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Flyslot Toy Fair 2012 Report

17863 Views 40 Replies 33 Participants Last post by  motorleague
Flyslot (ex Fly Model Cars) are back and they have some great products on show with their two brands: Flyslot and Alpha Series.

We have talked about this before, but we haven't seen it done on a large scale. Flyslot are producing a car with a sound decoder and speaker built in. Sure it's the first one with a basic sound, but the plans for future versions are great. Sound linked to throttle, G-force activated tyre squeals and custom sound uploads. But for now the car on offer that will be shipping in a few weeks looks great and sounds great and the price is very affordable. I'll put up a video in the next few days.

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I'll put up the complete Flyslot catalogue this weekend.
The Flyslot cars are tampo painted, whereas the Alpha Slot cars have the decals with clear-cote finish. At first glance, I didn't notice the Alpha Slot car I looked at had decals - the quality and finish is great.

Here is a video of the prototype sound decoder on display at the Flyslot stand.

Possibilities for the future: Up-loadable sounds, motor sounds linked to throttle (revving), G-force sensor enabling tyre squealing on cornering... Great stuff. Fly are pushing the boundaries once again.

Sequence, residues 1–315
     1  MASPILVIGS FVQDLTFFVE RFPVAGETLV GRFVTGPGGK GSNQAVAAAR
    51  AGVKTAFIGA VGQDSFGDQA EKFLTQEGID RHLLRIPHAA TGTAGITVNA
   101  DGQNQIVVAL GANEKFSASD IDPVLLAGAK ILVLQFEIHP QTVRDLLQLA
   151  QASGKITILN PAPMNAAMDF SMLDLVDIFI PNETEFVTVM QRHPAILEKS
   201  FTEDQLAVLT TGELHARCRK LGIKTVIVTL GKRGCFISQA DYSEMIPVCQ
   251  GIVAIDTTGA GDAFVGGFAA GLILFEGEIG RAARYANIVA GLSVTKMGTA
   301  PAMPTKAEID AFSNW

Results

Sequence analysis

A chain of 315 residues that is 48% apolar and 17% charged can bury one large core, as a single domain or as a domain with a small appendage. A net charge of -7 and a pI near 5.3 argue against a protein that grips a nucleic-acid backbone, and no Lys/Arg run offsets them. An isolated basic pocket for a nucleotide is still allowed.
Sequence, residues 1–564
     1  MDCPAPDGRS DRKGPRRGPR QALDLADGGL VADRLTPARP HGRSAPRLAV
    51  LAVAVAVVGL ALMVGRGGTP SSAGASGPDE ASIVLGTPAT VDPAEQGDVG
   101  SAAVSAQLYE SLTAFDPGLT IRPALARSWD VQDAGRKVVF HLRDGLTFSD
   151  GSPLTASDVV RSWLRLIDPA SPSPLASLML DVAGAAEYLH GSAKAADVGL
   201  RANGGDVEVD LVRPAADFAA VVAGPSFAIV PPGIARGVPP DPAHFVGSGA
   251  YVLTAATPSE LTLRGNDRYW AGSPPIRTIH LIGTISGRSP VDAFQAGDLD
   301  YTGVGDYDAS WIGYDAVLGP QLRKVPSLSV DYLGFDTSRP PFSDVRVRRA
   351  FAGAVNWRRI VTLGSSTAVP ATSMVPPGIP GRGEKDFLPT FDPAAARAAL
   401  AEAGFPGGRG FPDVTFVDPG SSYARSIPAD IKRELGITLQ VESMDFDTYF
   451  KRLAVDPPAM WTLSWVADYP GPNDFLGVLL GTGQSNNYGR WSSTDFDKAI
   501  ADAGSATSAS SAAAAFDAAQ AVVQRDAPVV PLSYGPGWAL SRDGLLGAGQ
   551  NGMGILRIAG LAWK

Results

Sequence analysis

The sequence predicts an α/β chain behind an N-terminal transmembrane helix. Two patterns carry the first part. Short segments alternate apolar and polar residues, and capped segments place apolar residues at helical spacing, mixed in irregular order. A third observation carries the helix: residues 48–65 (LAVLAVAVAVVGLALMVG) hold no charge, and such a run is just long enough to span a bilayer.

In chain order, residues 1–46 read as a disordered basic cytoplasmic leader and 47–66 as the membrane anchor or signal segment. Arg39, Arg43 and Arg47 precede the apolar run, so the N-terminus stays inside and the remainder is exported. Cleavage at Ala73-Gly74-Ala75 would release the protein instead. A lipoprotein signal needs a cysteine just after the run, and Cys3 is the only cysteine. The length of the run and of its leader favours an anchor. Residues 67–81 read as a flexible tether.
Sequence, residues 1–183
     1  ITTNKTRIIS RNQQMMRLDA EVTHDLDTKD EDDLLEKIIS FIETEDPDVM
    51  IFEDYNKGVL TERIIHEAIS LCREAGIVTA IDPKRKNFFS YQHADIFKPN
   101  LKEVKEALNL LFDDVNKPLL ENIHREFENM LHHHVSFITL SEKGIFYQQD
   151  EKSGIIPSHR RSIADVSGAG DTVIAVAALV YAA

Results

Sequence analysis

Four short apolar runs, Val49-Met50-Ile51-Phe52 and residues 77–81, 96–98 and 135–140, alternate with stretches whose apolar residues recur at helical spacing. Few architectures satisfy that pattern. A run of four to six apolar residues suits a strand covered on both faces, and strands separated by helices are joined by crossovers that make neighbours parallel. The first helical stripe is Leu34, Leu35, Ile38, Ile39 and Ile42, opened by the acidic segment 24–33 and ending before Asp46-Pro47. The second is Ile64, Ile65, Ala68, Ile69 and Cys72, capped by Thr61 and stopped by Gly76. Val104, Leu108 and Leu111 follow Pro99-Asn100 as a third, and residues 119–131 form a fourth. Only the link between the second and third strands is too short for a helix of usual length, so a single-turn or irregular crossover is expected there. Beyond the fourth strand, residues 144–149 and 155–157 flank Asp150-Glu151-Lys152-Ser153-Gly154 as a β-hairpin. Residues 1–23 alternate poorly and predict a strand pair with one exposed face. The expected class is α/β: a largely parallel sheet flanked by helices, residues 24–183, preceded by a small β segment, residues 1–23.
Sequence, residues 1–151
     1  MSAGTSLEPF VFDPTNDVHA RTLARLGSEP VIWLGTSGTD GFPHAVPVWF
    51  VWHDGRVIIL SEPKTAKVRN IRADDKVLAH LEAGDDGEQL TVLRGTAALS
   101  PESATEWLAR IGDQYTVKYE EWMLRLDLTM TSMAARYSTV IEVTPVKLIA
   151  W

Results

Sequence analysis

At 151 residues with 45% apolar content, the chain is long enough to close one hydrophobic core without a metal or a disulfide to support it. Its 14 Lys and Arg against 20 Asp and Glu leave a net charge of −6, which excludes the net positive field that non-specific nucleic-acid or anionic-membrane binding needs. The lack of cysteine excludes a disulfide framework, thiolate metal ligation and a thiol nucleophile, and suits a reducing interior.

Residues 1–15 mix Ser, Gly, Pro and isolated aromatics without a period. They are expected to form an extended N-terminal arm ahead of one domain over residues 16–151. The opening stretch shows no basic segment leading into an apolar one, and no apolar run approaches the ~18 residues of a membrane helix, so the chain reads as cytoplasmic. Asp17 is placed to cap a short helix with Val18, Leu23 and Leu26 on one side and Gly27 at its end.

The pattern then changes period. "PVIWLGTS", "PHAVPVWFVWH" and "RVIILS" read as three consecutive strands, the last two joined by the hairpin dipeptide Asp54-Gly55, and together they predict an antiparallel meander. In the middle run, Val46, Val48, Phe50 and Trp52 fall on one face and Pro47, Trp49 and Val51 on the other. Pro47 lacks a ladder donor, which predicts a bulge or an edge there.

Price will be very reasonable as the Alphaseries of cars are low detail and therefore already cheaper than the high-detail cars. The sound decoder will add more, but ideally the total price of the sound-equipped car should not be more than a standard high-detail car. What do you guys think about this?
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Here is the promo documentation from Flyslot about the Alphaseries range:

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Yep, constant noise (not linked to throttle) for this first release. It is not that bad actually. But it will get better.
Sound has been available for model trains for a while. Early on, people were obsessed with synchronising the 'chuff' with the wheel position (and thus piston position). To do this they used to add disks to the inside of the driving wheels with black and white stripes printed on them. Then an opto-diode under the loco would pick up the wheel movement and produce the chuff accordingly. These days, it is much more common to link the motor output voltage and back emf to the chuffing sound and it works quite well. It gives a very satisfactory effect whilst not perfectly synchronising the chuff to the piston position - anyway when moving, it is virtually impossible to see any error.

With cars, you have the revving motor and then the gear changes. We don't change gears on slotcars so one would have to link up-shifting to acceleration and down-shifting to breaking - but how would that work on a small home track with plenty of corners - most of us flutter the controller ans we wiz around the track. I doubt that realistic driving sounds would be achievable linked to throttle etc, but I think that these simulated sounds may be interesting all the same.

We'll see when the car is on the track. A review will be forthcoming in a few weeks.
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